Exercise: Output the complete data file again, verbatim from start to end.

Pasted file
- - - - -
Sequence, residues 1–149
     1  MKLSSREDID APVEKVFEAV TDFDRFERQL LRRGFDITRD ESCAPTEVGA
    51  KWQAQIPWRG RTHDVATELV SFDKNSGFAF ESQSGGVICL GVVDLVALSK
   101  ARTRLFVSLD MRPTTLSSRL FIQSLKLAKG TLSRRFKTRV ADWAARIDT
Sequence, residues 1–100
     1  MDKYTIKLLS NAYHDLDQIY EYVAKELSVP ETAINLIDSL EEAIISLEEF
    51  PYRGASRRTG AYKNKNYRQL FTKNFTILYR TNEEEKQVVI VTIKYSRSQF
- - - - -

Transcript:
Sequence, residues 1–149
     1  MKLSSREDID APVEKVFEAV TDFDRFERQL LRRGFDITRD ESCAPTEVGA
    51  KWQAQIPWRG RTHDVATELV SFDKNSGFAF ESQSGGVICL GVVDLVALSK
   101  ARTRLFVSLD MRPTTLSSRL FIQSLKLAKG TLSRRFKTRV ADWAARIDT
Sequence, residues 1–100
     1  MDKYTIKLLS NAYHDLDQIY EYVAKELSVP ETAINLIDSL EEAIISLEEF
    51  PYRGASRRTG AYKNKNYRQL FTKNFTILYR TNEEEKQVVI VTIKYSRSQF